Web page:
Bedrock and Geology: Building Better by Knowing Geology Beneath
When laying out buildings and neighborhoods, it's helpful to know about the bedrock that lies underneath, right? New research from UCLA will likely provide keener information about potential landslides and earthquakes in any area.
The study was led by Seulgi Moon, now an assistant professor of geology at UCLA but then a postdoctoral scholar at MIT, along with other researchers from MIT and University of Wyoming. Their findings were recently published in the journal Science.
In order to get a better idea of bedrock, the ground that lies beneath soil, roots and the Earth's surface, the researchers worked out a mathematical system to estimate the bedrock's stress from rock layers above and tectonic plates below. This way, they can figure out where breaks may occur, according to a release.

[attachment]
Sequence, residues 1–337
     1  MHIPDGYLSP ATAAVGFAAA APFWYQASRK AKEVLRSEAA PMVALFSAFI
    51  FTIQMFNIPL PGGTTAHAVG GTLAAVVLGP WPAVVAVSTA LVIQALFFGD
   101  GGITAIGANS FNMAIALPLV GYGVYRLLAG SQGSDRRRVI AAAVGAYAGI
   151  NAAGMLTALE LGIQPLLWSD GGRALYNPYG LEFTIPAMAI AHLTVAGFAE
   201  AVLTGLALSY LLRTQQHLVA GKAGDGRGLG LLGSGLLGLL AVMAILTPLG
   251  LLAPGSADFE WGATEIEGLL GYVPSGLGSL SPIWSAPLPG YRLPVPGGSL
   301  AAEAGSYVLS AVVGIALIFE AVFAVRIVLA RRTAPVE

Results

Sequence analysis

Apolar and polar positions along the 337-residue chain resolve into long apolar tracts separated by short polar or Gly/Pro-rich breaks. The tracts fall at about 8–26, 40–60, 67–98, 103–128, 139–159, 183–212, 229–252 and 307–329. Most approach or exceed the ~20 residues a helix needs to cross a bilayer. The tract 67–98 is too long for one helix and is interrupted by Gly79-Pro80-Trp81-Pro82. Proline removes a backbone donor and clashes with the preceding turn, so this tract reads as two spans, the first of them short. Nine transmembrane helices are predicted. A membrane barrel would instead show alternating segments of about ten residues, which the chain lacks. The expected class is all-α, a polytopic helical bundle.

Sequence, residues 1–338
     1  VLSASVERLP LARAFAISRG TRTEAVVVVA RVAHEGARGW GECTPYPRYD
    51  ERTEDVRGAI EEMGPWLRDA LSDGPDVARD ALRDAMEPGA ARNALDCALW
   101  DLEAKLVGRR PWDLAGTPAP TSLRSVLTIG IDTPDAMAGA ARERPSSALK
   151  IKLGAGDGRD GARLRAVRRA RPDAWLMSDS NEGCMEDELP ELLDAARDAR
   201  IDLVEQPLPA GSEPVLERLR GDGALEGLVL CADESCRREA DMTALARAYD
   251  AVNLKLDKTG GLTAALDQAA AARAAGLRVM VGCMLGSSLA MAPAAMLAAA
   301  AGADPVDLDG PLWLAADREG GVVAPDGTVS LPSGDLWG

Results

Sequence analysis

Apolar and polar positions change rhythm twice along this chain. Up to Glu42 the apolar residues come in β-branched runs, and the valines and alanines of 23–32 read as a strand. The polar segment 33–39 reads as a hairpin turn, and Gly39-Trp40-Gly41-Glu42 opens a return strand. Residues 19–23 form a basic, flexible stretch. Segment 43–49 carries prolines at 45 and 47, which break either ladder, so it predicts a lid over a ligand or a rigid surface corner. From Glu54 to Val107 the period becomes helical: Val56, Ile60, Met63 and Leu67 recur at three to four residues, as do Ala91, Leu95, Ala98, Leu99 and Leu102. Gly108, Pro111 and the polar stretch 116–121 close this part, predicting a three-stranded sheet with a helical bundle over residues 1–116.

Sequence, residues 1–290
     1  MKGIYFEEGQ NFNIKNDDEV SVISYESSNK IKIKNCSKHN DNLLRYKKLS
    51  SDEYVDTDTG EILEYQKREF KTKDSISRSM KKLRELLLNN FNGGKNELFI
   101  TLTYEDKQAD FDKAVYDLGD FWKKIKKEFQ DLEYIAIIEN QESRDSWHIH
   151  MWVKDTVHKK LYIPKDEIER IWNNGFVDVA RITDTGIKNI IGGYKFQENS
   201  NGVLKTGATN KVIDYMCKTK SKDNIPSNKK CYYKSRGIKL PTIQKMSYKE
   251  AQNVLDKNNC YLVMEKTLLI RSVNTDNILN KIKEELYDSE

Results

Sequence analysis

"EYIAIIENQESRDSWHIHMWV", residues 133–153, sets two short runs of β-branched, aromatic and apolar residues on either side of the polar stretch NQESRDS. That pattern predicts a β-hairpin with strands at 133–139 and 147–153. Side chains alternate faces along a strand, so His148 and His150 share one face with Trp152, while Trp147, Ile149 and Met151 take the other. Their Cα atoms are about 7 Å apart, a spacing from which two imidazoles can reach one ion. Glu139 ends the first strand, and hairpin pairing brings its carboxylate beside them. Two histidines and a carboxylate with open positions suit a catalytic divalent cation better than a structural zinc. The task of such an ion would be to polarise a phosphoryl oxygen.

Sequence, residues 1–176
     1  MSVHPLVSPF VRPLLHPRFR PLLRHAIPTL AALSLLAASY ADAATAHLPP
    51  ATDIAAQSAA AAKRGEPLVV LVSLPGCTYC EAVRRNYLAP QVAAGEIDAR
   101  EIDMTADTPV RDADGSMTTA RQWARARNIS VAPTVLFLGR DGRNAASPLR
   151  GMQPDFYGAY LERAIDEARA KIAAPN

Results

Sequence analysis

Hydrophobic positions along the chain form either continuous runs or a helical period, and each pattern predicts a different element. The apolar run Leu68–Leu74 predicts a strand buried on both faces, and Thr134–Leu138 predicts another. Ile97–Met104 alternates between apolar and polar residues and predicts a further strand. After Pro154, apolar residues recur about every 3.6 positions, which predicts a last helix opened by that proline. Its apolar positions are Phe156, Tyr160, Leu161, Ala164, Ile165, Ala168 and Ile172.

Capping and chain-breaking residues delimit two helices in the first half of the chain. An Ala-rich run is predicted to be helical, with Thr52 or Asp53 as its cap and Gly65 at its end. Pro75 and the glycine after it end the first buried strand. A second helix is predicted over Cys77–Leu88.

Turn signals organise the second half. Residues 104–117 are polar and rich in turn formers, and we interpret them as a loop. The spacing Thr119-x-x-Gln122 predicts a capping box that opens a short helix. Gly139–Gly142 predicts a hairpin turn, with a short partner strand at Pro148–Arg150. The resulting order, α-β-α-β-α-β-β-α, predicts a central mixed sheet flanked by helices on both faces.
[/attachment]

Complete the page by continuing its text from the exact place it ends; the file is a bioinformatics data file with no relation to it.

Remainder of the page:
Fractures, or weathering, of bedrock can shape Earth's landscapes over time. They also take in carbon dioxide, noted the release.
Moon and Taylor Perron at MIT noted that we can tell by looking at topography how some fractured zones in the bedrock look-if the bedrock is receiving only minimal compression from tectonic plates. But if there's a good bit of crushing from tectonic plates, fractured zones will have bottom layers that are the inverse of what we see in the surface topography, the release confirmed.
With University of Wyoming researchers, the team performed an analysis of existing seismic surveys of varying areas of compression from tectonic plates in three states: Maryland, South Carolina and Colorado. In all three sites, their hypothesis matched the actual results, confirmed a release.
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